Kevin Durant saved his best for last Thursday night.
The Oklahoma City forward scored 31 of his 43 points in the second half, lifting the Thunder to a 107-103 victory over the injury-depleted Los Angeles Lakers at Staples Center.
"We didn't have energy to start the game," said Durant, who shot 14-for-33 from the floor and hit all 12 of his free throws. "We were a little sluggish. We just couldn't get anything going for us. But that shows we stayed strong during those storms, and we keep fighting and (were) able to make some big plays down the stretch."
No one was bigger than the 6-foot-9 Thunder superstar, who also had 12 rebounds and seven assists. Durant scored 19 in the fourth quarter as Oklahoma City wiped out a 13-point deficit.
"He's one of the best that I've seen in terms of playing through anything and everything, bad starts, slow starts, the ball's not going in," said Thunder guard Derek Fisher, who came off the bench to score 12 points against his former club. "He's so confident in his ability. And I think he trusts his teammates so much that even when things aren't going well, he doesn't feel like he doesn't have to try to do too much.
"That's why things always kind of end up coming back around because he always finds that rhythm."
The Thunder (43-12) danced into the All-Star break with the NBA's best record, winners of 15 of their past 17 games.
The Lakers (18-35) fell for the seventh time in a row at home, setting a franchise mark for consecutive home defeats. They are tied with the Sacramento Kings for the worst record in the Western Conference at the All-Star break.
Even so, Los Angeles pushed around the Thunder for three quarters before Durant delivered a reality check in the end.
"You've got to give the Lakers credit," Oklahoma City coach Scott Brooks said. "They're banged up and they're still fighting and competing, and they were making shots. They were spacing us all over the floor, and then I thought our defense picked up in the fourth quarter. We found five guys that wanted to compete and made them miss some shots."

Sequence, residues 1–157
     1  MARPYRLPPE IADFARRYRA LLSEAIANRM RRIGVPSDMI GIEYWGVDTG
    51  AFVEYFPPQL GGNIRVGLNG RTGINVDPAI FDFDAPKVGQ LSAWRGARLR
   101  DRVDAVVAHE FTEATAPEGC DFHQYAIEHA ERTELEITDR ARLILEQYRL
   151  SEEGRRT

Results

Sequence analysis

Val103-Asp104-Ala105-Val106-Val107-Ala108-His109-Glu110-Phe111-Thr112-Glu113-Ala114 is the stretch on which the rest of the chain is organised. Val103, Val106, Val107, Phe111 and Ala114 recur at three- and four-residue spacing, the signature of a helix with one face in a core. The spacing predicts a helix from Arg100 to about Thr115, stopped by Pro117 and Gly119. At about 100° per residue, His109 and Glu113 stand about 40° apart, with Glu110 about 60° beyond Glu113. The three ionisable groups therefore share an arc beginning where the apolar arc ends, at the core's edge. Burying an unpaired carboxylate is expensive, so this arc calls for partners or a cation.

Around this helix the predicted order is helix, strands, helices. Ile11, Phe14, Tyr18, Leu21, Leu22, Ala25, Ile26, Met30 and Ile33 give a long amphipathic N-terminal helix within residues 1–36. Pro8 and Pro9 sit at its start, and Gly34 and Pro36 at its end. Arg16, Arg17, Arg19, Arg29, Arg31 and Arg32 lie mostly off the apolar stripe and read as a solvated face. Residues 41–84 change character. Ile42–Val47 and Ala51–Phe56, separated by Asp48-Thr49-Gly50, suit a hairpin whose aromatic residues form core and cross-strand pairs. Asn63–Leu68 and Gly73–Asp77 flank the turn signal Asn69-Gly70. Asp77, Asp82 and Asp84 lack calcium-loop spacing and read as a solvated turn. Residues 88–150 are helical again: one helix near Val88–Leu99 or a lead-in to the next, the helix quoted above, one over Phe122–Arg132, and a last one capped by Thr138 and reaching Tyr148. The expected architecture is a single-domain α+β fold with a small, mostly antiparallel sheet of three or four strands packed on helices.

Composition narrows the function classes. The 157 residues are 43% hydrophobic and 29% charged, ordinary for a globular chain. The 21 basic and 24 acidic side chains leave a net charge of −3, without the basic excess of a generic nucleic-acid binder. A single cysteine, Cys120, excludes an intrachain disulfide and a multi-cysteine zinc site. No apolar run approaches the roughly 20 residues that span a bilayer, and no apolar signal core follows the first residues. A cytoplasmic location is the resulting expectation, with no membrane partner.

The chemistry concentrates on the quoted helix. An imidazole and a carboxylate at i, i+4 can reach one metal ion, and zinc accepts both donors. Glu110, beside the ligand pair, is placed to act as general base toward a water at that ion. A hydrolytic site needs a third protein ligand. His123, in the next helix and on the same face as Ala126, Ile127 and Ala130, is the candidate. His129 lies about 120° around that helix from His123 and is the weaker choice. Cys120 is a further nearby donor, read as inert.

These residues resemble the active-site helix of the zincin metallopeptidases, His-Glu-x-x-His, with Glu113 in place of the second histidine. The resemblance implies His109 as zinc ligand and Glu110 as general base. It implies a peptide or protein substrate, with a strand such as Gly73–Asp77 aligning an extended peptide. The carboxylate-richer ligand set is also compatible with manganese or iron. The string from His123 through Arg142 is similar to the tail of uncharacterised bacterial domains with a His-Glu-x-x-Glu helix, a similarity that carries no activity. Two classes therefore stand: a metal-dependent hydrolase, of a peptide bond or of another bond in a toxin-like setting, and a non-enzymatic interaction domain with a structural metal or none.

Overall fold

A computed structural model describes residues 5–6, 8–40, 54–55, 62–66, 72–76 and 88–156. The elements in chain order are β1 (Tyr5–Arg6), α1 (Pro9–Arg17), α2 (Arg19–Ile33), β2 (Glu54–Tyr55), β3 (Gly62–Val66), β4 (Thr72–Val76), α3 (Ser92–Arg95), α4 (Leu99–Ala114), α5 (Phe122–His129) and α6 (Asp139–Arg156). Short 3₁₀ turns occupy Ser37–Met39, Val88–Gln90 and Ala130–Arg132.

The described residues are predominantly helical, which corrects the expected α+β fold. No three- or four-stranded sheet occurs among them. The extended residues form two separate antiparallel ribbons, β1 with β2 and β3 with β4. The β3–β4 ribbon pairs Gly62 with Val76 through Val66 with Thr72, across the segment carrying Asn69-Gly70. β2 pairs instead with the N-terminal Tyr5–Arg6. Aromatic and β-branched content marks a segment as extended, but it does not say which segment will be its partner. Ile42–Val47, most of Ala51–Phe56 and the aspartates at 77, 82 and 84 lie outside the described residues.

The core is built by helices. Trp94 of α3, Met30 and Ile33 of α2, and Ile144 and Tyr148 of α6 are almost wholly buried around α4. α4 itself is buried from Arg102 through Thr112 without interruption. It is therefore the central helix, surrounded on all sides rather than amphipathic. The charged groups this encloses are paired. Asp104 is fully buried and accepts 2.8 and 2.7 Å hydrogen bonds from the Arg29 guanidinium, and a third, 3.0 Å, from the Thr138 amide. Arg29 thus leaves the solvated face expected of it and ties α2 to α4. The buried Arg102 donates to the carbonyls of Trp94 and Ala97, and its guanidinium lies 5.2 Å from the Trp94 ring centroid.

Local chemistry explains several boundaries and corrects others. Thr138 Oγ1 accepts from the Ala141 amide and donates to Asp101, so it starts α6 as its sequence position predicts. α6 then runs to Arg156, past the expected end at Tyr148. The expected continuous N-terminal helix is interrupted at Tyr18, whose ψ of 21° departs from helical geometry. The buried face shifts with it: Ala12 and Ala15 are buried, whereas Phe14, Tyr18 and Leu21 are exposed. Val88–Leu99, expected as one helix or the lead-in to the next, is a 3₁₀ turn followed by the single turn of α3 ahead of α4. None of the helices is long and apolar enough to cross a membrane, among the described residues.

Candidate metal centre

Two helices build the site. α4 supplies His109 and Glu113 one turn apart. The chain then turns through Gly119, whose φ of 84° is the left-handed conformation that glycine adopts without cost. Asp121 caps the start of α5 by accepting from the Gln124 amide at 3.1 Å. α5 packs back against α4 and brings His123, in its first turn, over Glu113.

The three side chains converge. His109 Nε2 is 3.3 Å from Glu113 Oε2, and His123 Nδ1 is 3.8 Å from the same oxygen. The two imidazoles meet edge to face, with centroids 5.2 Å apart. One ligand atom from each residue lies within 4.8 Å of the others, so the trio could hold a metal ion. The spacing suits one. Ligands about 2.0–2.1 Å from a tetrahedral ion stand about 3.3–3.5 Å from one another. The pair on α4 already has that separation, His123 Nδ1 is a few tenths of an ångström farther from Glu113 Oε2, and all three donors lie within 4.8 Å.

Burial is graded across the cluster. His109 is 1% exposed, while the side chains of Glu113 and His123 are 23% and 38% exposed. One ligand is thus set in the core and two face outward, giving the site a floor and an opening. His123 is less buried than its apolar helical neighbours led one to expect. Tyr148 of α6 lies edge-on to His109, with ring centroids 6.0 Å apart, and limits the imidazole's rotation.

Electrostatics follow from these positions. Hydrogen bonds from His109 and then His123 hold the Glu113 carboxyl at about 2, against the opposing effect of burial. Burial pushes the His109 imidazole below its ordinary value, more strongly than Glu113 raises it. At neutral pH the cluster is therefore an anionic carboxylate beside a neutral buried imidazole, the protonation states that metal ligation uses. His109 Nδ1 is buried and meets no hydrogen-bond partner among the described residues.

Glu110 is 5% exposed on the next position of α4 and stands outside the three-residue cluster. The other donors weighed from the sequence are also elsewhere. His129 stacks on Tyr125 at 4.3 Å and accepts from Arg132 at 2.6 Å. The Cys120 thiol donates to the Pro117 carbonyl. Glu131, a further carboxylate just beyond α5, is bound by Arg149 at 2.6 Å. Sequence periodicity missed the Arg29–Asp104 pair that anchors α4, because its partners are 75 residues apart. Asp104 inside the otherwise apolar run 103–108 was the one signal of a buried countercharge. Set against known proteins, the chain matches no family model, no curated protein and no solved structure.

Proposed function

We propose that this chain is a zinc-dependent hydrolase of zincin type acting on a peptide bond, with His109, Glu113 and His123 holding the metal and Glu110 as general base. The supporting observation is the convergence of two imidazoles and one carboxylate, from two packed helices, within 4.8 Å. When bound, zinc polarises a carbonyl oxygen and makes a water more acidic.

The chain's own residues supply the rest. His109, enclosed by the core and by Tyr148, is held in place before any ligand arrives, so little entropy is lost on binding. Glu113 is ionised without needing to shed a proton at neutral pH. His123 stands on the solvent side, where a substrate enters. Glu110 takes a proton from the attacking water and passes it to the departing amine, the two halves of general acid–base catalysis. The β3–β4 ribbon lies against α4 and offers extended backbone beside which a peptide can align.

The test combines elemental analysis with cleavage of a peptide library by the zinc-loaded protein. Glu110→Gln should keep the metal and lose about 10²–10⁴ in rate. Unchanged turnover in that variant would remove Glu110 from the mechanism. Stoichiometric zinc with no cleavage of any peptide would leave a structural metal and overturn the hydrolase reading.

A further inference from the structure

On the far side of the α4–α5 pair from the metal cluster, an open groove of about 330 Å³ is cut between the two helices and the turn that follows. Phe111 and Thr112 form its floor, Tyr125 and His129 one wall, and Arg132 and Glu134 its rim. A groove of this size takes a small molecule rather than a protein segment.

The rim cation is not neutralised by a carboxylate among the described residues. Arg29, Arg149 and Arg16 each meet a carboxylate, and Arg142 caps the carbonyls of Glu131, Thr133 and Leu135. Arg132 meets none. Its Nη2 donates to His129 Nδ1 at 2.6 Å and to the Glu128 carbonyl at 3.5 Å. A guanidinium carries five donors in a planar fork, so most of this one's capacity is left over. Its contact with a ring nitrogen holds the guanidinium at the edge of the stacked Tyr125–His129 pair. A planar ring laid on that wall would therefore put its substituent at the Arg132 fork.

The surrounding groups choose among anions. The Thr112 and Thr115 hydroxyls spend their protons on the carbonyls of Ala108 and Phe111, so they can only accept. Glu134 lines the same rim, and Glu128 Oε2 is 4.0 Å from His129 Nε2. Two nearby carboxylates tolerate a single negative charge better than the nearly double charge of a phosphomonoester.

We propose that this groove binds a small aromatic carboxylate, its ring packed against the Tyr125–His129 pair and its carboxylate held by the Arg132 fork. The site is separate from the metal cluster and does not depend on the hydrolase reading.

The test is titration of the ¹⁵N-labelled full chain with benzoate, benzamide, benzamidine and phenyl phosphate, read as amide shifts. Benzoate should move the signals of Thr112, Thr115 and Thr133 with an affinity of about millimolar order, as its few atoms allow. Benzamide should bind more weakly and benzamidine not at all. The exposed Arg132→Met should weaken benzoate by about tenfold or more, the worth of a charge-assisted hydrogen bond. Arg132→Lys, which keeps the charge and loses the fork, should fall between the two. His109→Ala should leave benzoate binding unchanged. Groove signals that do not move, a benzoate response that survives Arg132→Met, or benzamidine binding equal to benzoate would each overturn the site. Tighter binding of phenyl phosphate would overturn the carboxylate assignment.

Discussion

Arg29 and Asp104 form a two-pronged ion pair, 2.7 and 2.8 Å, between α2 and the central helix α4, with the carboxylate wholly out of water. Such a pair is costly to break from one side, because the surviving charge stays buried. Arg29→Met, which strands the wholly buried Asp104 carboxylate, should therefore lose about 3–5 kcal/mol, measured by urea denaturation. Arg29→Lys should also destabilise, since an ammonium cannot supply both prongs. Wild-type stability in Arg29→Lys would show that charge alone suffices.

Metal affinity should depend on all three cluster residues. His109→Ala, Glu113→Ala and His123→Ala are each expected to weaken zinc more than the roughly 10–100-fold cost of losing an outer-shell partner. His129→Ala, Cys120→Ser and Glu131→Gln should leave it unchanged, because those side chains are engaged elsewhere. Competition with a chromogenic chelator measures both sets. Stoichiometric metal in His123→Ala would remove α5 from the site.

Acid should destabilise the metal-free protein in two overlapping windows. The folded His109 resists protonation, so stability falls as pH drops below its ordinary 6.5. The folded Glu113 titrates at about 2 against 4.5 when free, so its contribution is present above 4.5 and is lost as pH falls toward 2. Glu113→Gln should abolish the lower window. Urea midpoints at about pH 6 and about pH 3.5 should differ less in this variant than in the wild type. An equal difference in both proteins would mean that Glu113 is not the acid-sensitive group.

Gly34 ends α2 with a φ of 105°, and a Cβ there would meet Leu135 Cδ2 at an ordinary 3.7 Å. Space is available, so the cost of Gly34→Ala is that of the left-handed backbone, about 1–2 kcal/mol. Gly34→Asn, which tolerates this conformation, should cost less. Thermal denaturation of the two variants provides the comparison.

Lakers center Chris Kaman, who finished with 19 points and 10 rebounds, scored on a layup and was fouled with 22.5 seconds remaining, cutting the Thunder's lead to 103-102. Kaman, though, missed the free throw.
Fisher hit two free throws with 16.8 seconds left to give the Thunder a 105-102 lead. After Los Angeles guard Steve Blake hit a free throw to cut the margin to two, Durant canned two foul shots to secure the win.
"I thought our effort was terrific," Lakers coach Mike D'Antoni said. "They battled the whole game. We ran into a little rough spot there in the start of the fourth."
Durant scored 30 or more points for the 33rd time this season, tops in the NBA. He has eight games with 40 points or more, also the best total in the league.
Guard Reggie Jackson scored 16 points for the Thunder.
The Lakers led by as many as 12 points in the first half before taking a 54-45 lead at the break. Point guard Kendall Marshall and forward Shawne Williams were the Lakers' catalysts. Williams scored 10 of his 13 first-half points in the second quarter, hitting all three of his 3-pointers, while Marshall scored 12 points and dished out nine assists.
After a 3-pointer by Lakers forward Ryan Kelly opened the fourth, the Thunder answered with 17-5 run for an 89-87 advantage. Durant scored on a drive midway through the quarter for Oklahoma City's first lead.
Los Angeles forward Wesley Johnson scored 19, while Williams added 15. Marshall finished with 14 points and tied a career high with 17 assists.
Lakers point guard Steve Nash sat out the game due to nerve root irritation in his back.
NOTES: With PG Kendall Marshall and G Steve Blake starting together for the first time, the Lakers fielded their 27th starting lineup in 53 games. ... Los Angeles held the Thunder to 29.2 percent (seven of 24) in the first quarter while making 43.5 percent (10 of 23) of its attempts. For the game, the Lakers shot 48.2 percent, while the Thunder shot 44.3 percent. ... Oklahoma City coach Scott Brooks said he would take a different approach in guiding the West All-Stars this time. "A couple of years ago, I didn't rest," Brooks said. "I was worried about practice and pregame and timeout huddles and halftime speeches. That's not happening this year. I'm going to go there and enjoy it and be thankful I'm able to coach some of the greatest players in the world."